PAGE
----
If you’re looking for ways to introduce CBD to your diet – or your cocktail hour, for that matter – it’s easy to do a web search and come up with plenty of interesting ideas. But, before unlimbering the keyboard to let your fingers do the searching, it’s a good idea to understand what you are doing and why.
First, bear in mind that while anecdotal evidence exists of the efficacy of CBDs in helping with a host of the ills that plague frail human nature, the scientific community has yet to identify and endorse any of these claims.
Be that as it may, if all you’ve heard about this “miracle” ingredient has convinced you to give CBD a try, here’s how to do it.
For insights into the chemistry of CBD, HealthLinks spoke to Louis Miles, founder and CEO of Clarity Nutraceuticals, a supplement manufacturer behind the CBD Carolinas brand that is about to launch a product line extension.
Miles’ first tip is to avoid any product billing itself as “full spectrum” CBD. While full spectrum might sound as if you’re getting every possible beneficial component of CBD, it actually means it contains unwanted plant byproducts such as chlorophyll and waxes as well as potential toxins leached out of the earth in which it is grown. And, it tastes terrible.
He recommended starting off with pure CBD isolate powder for fat-soluble ingredients or water-soluble CBD powder for dry powder or liquid ingredients that are primarily water-based. Both are easy to weigh out and tasteless. Water soluble means it can be added to just about any dish. Generally, the pure CBD is mixed with other ingredients that might include maltodextrin and gum Arabic, an emulsifier.
Keep in mind that there are two forms of CBD suitable for adding to food – isolate, which is pure CBD, and distillate, which doesn’t get you high but can contain enough traces of THC to trigger a positive result on a drug test.
Miles himself enjoys a CBD kicker in his glass of wine or pre-dinner cocktail. Just mix in the amount of the powder you prefer and “bottom’s up.”
For cooking, he recommended using an isolate and dissolving it in butter, olive oil or any fat. Then it’s easily added to your meatloaf, mac ‘n’ cheese or chicken Parmesan. For preparing a steak, it’s best to dissolve the CBD in butter and brush it on evenly after taking the meat off the grill. If a healthful salad is your preference, adding CBD to your dressing works well, as long as the dressing contains oil.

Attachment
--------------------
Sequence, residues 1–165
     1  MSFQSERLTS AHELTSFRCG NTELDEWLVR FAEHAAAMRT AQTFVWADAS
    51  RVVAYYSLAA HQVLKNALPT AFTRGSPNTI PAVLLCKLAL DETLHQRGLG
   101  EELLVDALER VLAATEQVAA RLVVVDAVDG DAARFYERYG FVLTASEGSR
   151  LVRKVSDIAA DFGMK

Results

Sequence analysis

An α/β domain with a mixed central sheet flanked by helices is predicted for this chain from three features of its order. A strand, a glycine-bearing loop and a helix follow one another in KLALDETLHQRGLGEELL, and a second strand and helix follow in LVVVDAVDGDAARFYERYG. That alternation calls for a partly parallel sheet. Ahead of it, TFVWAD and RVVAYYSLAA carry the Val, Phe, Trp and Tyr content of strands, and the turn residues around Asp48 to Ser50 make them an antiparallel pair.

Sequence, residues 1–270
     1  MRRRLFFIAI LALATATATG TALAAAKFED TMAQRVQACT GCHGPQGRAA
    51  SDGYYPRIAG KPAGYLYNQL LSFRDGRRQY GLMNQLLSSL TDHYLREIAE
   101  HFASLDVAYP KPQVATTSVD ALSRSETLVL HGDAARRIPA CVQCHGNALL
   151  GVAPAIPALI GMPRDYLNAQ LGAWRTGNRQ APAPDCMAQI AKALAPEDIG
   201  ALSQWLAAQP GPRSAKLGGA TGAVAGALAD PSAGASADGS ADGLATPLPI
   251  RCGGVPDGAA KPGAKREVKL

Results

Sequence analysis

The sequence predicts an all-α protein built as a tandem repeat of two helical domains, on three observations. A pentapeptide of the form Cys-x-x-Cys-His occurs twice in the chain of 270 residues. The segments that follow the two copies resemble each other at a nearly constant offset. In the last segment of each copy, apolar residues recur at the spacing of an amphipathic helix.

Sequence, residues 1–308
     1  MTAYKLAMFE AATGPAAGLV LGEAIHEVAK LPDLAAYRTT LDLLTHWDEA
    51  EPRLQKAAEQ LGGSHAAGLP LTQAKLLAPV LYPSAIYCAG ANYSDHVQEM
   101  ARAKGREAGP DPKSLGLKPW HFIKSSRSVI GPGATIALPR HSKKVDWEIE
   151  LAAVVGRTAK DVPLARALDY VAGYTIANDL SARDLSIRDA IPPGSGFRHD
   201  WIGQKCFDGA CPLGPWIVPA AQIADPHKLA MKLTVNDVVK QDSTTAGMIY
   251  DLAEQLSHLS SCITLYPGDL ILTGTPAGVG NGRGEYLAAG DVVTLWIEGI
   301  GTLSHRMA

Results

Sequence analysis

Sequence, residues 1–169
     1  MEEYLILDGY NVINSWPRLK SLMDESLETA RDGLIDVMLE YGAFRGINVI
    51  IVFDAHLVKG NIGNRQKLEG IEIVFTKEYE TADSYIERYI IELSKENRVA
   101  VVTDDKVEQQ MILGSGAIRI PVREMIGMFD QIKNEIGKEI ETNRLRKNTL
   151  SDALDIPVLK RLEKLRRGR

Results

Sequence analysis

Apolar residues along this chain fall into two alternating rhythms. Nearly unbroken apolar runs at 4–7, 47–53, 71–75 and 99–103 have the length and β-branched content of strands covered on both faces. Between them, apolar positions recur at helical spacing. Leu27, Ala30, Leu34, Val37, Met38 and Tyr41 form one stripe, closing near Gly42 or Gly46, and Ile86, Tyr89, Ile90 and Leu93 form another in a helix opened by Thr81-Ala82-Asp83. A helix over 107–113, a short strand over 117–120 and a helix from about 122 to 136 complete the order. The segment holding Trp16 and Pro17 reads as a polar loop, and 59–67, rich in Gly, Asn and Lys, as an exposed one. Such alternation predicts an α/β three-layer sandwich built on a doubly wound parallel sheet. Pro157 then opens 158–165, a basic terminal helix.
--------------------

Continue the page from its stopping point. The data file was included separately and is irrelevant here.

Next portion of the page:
“Just sprinkling it dry on a salad isn’t very efficient,” Miles said. “You’ll never know how much of the CBD you’ll be getting unless you eat the whole bowl by yourself.”
Joe Martin at Your CBD Store in Greenwood is also a fan of adding CBD to foods.
For casseroles, “some people prefer using the CBD oil,” he said. “But I have found that more people use the water-soluble powder. If you’re going to bake a dessert, for example, it will easily mix right into your batter.”
Martin has personal experience with people using his company’s SunMed CBD in sweets.
“My mother cooks with it. One sister bakes cake with it. My other sister makes cookies with CBD. They tell me that they notice the health benefits when they eat their CBD preparations. They start feeling better right away,” he related.
He noted that even the humble hamburger is better with added CBD: “Just dissolve it in oil and brush it right on.”
He said that customers at his Upstate store of the 400+ national chain have really taken to CBD, whether by oral dosage, topical spray or in their home-cooked meals.
“And for making a refreshing beverage on a steamy South Carolina day, all our stores offer powders in flavors including grape, pina colada and strawberry lemonade. Just add CBD to your ice-cold H20.”
When you know how to do it right, mixed with your favorite foods and beverages, CBD is really A-OK.
By Bill Farley